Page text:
Setting up players and choosing chip amount etc is trivial.
Each assigned match should be given some identification (A+A, B+B). Since match completion order is crucial it is almost impossible to reconstruct a tournament without this information (or having a huge amount of luck entering matches in the correct order). The letters of the alphabet are usually enough for 4-8 player tournaments.
Record current stakes as 1, 2, 3 etc below the main sheet. I would recommend having a timer on repeat and adding the times when the timer fires OR a player is eliminated. While recording the times isn’t necessary it will give you a better picture of how fast a swing tournament really progresses, regardless of the amount of players.
Swing tournament example (manual tournament)
Please note a manual tournament that will get recorded online later looks rather messy because of the letters assigned to know who played who in which order. Without later recording chip amounts only makes it a very clean sheet. The online tool is of course the best tournament handler.
If you want to use the above yourself here is an Excel version:
Change log (more popular means we have to do this right):
2018.10.06 It took almost 10 years to get our first tie in a finale. Ties now force another final game.
2016.10.08 Player leaving tournament added. Endings used added to default format.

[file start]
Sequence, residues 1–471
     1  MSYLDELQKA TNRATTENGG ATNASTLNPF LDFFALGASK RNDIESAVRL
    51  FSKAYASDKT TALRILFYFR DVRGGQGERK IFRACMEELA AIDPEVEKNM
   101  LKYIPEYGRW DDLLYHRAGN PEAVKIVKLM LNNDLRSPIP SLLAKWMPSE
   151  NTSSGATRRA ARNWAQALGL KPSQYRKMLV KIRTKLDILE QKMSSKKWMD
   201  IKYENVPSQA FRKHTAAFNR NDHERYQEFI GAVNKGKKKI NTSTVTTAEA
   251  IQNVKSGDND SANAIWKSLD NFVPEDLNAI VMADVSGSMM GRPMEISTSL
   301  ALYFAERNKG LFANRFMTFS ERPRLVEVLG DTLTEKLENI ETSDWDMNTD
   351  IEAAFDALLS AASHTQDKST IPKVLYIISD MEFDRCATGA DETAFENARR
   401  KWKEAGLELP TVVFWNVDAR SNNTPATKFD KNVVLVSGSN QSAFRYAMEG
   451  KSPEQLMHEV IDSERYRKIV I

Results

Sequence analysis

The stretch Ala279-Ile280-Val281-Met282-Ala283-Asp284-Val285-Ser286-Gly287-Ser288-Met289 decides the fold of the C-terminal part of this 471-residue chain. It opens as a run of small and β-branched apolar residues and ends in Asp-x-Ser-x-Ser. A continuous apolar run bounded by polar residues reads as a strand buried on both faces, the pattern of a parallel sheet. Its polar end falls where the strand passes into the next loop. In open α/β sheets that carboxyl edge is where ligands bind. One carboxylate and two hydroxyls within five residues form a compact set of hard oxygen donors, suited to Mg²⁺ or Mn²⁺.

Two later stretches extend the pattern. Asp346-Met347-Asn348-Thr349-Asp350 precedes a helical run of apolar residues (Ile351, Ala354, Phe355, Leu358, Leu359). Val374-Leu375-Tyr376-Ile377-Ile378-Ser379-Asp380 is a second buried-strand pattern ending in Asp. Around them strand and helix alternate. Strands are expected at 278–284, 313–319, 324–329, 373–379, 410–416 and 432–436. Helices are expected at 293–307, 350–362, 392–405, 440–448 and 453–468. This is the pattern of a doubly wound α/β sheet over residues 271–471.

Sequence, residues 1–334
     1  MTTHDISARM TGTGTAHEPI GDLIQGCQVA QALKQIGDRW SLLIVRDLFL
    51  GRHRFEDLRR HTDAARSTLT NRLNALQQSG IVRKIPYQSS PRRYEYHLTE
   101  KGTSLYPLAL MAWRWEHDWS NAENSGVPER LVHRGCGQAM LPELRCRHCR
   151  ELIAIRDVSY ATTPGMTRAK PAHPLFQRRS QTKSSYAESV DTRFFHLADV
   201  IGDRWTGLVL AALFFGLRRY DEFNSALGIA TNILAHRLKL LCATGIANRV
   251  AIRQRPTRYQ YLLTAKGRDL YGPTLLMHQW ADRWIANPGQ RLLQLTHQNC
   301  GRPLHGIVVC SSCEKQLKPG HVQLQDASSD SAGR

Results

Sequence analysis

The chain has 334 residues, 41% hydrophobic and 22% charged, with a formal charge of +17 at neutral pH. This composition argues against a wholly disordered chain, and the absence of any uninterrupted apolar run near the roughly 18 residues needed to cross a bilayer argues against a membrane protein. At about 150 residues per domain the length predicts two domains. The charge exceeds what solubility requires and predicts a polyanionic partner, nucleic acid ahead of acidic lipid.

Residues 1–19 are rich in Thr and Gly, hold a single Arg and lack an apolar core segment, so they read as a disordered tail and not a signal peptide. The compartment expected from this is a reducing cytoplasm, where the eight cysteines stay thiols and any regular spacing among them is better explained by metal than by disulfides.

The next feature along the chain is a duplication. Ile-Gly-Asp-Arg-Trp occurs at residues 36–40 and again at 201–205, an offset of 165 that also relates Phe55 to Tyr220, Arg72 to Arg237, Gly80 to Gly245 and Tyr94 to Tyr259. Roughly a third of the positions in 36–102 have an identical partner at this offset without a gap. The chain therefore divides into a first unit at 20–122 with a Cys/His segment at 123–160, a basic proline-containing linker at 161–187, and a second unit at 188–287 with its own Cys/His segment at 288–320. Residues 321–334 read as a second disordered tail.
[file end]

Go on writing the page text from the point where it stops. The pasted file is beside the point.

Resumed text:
2016.12.22 All instances of the word “game” changed to “match” (just a few). Swing tournaments work best as money games. However, with less chips 3p or 5p matches could also be played. However, as tournaments would drag on forever even with 4 chips I would suggest an additional MATCH cube is added when playing. i.e., in addition to having the 3p match cubed as normally another cube would be added that determines the stake of the match. It would be distinct from the cube used in the match and switch from one player to the other just as a cube normally does. While it might be faster to have the match cube also double stakes it might create unforseen problems. In any case, the thought of playing #p matches is added mainly for IBA purposes and has never been tested in practice.
2017.01.03 Added a picture of how a manual tournament would look (bookkeeping).
2018.08.26 Made some improvements to the swing tool the past two years, pretty rock solid by now with all rules and optional endings coded in. Added swingtool assignments being used even if the swingtool contains a bug. After 5 years of bugfree assignments, adding the two optional rules actually had a tie resolved wrong. Maybe some new additions in the future will break something, no one is perfect after all.